A better understanding of cancer-induced immune suppression has led to the development of novel immunotherapy approaches, some of which are considered as breakthrough in cancer treatment. One of the promising targets that was followed in clinical trials is indoleamine-2,3-dioxygenase 1 (IDO1) which is a tryptophan (Trp)-catabolizing enzyme that produces metabolites such as kynurenine (Kyn) which promote immune evasion by suppressing T cell activity, and therefore tumor progression. Enhanced expression of IDO1 was described for patients with B cell lymphoma, including chronic lymphocytic leukemia (CLL), and we observed a strong upregulation of IDO1 and a significantly increased Kyn to Trp serum ratio in the Eµ-TCL1 mouse model of CLL. To evaluate the therapeutic potential of this pathway in CLL, we treated Eµ-TCL1 mice with the IDO1 inhibitors 1-Methyl-D-tryptophan or Epacadostat. Both drugs led to initial treatment responses, but failed to improve tumor development over time which is in line with disappointing results of a first phase III clinical trial combining Epacadostat with immune checkpoint blockade for patients with melanoma.
In search for an explanation for this failure, we investigated genes that are induced upon resistance to immune checkpoint blockade and identified the phenylalanine-catabolizing enzyme interleukin-4-induced 1 (IL4I1). IL4I1 is strongly expressed in cancer-associated myeloid cells as well as tumor cells of different entities, including CLL and other B cell lymphoma, and was attributed immunosuppressive functions. We thus explored its role in cancer immune escape in bone marrow-chimeric mice that lack IL4I1 in the hematopoietic tumor microenvironment. Adoptive transfer of Eµ-TCL1 leukemia in these mice showed that lack of IL4I1 in hematopoietic cells resulted in a dramatically reduced tumor development compared to respective control mice (Figure 1A). In-depth analysis of the immune compartment of these mice by flow cytometry and transcriptome analyses revealed that IL4I1 deficiency was associated with lower expression of immune checkpoint molecules including PD-1 on CD8 T cells. Moreover, CD8+ effector T cells of IL4I1-deficient mice were highly enriched in a transcriptional signature of genes that was downregulated upon T-cell exhaustion (Figure 1B). We further observed less suppressive regulatory T cells, and enhanced antigen presentation capacity of dendritic cells in the IL4I1-deficient chimeric mice developing CLL. Altogether, these results provide evidence for a central role for IL4I1 in CLL-associated immune suppression and suggest IL4I1 as attractive novel target for immunotherapy of cancer, including tumors that do not respond to IDO1 inhibitors.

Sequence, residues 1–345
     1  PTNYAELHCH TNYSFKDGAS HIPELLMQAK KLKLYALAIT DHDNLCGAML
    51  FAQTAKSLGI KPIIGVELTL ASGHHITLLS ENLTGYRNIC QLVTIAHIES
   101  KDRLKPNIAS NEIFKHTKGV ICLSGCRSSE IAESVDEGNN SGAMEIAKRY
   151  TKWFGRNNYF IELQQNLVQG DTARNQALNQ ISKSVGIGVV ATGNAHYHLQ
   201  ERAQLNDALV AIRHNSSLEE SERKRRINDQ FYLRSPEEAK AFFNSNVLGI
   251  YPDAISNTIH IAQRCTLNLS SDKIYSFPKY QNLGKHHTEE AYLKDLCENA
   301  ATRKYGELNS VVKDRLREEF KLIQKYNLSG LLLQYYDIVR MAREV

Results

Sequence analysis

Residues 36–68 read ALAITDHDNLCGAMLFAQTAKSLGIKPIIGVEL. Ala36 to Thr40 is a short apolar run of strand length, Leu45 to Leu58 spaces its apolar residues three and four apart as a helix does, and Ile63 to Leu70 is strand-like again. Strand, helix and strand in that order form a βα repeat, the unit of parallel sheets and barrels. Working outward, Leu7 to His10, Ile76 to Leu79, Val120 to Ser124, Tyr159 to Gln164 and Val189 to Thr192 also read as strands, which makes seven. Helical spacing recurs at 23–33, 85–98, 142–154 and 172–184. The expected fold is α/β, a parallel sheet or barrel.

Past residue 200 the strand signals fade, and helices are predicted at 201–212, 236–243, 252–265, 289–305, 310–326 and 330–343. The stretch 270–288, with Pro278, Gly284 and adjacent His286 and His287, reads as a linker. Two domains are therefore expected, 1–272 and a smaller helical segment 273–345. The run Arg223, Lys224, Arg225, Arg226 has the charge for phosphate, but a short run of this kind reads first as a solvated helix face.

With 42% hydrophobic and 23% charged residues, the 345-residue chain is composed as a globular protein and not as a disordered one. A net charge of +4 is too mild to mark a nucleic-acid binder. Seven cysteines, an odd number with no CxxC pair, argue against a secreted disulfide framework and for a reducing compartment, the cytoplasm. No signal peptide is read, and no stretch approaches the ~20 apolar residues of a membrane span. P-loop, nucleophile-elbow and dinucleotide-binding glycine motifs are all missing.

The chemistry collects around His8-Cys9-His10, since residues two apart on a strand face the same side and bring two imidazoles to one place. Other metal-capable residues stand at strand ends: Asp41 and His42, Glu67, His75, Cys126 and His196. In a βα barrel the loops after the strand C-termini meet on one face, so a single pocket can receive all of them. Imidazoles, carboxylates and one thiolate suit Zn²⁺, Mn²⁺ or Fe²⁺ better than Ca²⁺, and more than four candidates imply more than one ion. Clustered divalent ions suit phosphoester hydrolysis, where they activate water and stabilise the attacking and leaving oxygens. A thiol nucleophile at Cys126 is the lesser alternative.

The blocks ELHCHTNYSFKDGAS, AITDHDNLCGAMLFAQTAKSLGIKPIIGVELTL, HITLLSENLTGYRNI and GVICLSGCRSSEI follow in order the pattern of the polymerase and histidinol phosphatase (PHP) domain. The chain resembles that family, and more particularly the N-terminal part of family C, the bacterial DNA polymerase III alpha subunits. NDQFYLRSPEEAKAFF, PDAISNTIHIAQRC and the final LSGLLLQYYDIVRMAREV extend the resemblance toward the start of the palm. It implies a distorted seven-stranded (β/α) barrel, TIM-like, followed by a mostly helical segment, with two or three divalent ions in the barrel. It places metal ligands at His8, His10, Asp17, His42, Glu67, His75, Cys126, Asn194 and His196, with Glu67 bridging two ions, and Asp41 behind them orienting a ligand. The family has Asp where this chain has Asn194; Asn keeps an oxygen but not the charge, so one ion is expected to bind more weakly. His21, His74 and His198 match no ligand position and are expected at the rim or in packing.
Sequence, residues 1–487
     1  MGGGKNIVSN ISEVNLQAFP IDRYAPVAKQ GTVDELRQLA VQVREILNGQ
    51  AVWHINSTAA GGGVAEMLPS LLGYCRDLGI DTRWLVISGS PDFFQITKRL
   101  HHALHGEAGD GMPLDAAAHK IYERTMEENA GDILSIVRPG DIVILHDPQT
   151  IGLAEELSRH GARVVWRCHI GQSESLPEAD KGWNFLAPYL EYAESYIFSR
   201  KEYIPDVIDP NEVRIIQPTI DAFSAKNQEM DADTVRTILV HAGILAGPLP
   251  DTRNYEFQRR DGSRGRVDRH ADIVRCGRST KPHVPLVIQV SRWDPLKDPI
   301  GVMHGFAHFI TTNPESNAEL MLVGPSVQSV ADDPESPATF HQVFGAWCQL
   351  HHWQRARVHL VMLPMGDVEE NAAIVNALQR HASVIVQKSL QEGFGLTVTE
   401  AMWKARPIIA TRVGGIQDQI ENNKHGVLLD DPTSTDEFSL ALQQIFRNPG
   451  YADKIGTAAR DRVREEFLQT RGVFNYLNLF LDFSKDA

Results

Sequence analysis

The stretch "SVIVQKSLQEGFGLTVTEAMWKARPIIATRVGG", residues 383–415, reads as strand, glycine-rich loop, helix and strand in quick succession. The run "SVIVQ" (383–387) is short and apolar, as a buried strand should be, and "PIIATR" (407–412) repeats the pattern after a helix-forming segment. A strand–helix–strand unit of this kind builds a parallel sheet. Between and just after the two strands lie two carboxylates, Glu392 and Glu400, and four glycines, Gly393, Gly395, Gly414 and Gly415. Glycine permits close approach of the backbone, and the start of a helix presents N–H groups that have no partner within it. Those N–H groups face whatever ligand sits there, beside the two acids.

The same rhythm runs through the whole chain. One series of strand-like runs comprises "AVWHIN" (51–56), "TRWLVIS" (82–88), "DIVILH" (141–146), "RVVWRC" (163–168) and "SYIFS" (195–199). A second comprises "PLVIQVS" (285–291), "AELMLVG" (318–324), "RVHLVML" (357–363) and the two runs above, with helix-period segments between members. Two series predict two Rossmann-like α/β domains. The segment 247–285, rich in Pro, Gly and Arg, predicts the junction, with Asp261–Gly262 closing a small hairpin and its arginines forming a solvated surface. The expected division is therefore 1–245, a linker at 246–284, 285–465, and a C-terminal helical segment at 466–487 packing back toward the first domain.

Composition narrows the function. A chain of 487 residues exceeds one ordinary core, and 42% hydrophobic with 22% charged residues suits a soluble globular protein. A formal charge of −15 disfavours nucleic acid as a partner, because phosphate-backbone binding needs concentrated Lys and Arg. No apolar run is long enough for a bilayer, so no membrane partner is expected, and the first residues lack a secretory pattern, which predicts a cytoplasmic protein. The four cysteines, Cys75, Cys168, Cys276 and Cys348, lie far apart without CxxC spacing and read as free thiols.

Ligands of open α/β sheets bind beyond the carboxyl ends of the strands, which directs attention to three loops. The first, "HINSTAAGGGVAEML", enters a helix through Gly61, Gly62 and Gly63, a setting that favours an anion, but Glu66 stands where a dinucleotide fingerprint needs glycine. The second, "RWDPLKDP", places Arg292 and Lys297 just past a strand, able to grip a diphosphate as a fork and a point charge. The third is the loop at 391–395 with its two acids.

Figure 1:CLL development and CD8 T cell phenotype in mice with IL4I1-deficient microenvironment
A: Bone marrow (BM)-chimeric mice were generated by i.v. transplantation of 5 x 106 BM cells of wildtype (WT) or Il4i1-/-mice in lethally irradiated C57BL/6 mice. After reconstitution of the hematopoietic system, 10 weeks after BM transfer, mice were i.v. transplanted with 1 x 107 malignant B cells of Eµ-TCL1 mice and CLL development was monitored in peripheral blood over time by quantifying absolute number of CD5+ CD19+ CLL cells by flow cytometry. B: 5 weeks after CLL cell transfer, mice were sacrificed and splenic CD8+ effector T cells were sorted for transcriptome analysis by microarrays. Gene set enrichment analysis of ranked-list of genes (fold change) was performed using published signatures which showed an enrichment of genes that are downregulated in exhausted versus memory CD8+ T cells in Il4i1-/- in comparison to WT mice.
No relevant conflicts of interest to declare.
Asterisk with author names denotes non-ASH members.